Deputy City Clerk Responsibilities

Here are examples of responsibilities from real deputy city clerk resumes representing typical tasks they are likely to perform in their roles.

  • Process deferrals, jail sentences, probations, pre-sentence matters, subpoenas, summons, and complaints.
  • Transcribe minutes for Committee/Commission meetings, prepare payroll and payroll tax reports, issue payroll checks and A/P checks.
  • Maintain payroll records by entering changes in exemptions, insurance coverage and voluntary and involuntary deductions.
  • Provide excellent service to customers for criminal filings and copies as well as DBA, and map filings.
Deputy City Clerk Traits
Communication skills shows that you are able to relay your thoughts, opinions and ideas clearly to those around you.
Integrity involves honesty and a high regard of morals.
Organizational skills are essential to working as efficiently as possible through being able to focus on projects at hand while also keeping a clean workspace.

Deputy City Clerk Job Description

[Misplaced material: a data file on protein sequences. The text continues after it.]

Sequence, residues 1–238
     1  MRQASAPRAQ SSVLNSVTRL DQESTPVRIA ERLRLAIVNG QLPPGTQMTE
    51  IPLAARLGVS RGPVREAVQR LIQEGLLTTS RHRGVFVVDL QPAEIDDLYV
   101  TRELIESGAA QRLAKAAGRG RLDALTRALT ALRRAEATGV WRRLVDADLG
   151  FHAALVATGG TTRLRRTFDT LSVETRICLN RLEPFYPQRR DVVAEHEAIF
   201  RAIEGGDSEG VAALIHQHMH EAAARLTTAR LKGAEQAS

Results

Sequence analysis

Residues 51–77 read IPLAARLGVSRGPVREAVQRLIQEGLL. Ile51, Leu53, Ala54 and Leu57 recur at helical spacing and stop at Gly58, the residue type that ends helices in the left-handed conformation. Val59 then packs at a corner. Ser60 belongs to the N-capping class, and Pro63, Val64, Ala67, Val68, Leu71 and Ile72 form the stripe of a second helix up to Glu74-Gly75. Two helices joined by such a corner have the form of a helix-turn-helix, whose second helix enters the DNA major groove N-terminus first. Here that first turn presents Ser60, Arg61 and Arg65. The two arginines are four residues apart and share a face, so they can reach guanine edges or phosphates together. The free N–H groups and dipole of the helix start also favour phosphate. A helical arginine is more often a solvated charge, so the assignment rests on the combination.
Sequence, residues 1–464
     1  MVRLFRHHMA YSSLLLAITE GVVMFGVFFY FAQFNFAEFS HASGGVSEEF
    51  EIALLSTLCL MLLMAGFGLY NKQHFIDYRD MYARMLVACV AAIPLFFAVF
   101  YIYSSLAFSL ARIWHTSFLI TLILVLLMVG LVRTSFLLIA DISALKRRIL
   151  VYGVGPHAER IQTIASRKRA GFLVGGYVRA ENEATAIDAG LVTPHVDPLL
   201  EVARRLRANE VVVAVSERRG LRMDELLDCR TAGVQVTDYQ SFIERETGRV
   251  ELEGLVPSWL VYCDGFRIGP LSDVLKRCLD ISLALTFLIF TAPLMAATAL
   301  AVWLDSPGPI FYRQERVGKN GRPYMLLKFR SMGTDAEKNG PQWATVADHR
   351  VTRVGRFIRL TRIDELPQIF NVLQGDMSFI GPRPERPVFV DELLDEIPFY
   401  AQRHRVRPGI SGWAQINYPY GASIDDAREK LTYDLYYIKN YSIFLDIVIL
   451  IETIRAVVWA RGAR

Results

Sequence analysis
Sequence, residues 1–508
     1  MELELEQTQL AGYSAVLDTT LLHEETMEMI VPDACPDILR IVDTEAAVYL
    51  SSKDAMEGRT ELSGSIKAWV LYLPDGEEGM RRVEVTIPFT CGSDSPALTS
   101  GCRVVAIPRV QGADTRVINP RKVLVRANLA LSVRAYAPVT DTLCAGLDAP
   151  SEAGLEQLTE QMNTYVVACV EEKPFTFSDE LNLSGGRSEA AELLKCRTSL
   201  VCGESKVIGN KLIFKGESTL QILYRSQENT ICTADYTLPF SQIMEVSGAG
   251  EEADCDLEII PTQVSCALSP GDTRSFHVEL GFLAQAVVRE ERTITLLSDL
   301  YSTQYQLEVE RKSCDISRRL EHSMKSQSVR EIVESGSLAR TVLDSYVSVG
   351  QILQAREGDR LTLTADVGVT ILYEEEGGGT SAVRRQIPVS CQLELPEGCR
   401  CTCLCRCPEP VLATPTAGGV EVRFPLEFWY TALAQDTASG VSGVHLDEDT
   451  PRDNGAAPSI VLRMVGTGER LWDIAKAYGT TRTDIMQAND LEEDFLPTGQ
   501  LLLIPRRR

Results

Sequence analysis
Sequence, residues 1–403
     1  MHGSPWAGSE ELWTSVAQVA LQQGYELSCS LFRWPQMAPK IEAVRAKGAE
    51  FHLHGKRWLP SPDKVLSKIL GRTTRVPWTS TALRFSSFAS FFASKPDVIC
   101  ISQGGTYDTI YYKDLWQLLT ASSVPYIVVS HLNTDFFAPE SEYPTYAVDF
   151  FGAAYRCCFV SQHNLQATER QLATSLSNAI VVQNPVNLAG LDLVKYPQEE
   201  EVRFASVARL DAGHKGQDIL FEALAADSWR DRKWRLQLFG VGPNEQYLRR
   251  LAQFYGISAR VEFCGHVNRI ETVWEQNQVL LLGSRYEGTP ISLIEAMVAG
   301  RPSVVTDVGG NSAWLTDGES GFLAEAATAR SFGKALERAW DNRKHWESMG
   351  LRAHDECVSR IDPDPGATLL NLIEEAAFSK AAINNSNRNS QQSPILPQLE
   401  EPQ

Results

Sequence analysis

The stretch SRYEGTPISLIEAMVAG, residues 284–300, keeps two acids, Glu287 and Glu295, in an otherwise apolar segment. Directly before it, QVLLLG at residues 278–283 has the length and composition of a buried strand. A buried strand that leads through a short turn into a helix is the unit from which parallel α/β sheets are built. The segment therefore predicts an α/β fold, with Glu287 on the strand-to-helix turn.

Perhaps the hardest question to answer when deciding on a career as a deputy city clerk is "should I become a deputy city clerk?" You might find this info to be helpful. When compared to other jobs, deputy city clerk careers are projected to have a growth rate described as "little or no change" at 0% from 2018 through 2028. This is in accordance with the Bureau of Labor Statistics. What's more, is that the projected number of opportunities that are predicted to become available for a deputy city clerk by 2028 is -7,300.

A deputy city clerk annual salary averages $51,657, which breaks down to $24.84 an hour. However, deputy city clerks can earn anywhere from upwards of $35,000 to $74,000 a year. This means that the top-earning deputy city clerks make $39,000 more than the lowest-earning ones.

It's hard work to become a deputy city clerk, but even the most dedicated employees consider switching careers from time to time. Whether you're interested in a more challenging position or just looking for a fresh start, we've compiled extensive information on becoming a recorder, municipal clerk, clerk, and city recorder.

Deputy City Clerk Jobs You Might Like

Deputy City Clerk Resume Examples

Deputy City Clerk Skills and Personality Traits

We calculated that 12% of Deputy City Clerks are proficient in Scheduling Meetings, City Staff, and Customer Service. They’re also known for soft skills such as Communication skills, Integrity, and Organizational skills.

We break down the percentage of Deputy City Clerks that have these skills listed on their resume here:

  • Scheduling Meetings, 12%

    Prepared agendas and meeting materials for Common Council meetings.

  • City Staff, 12%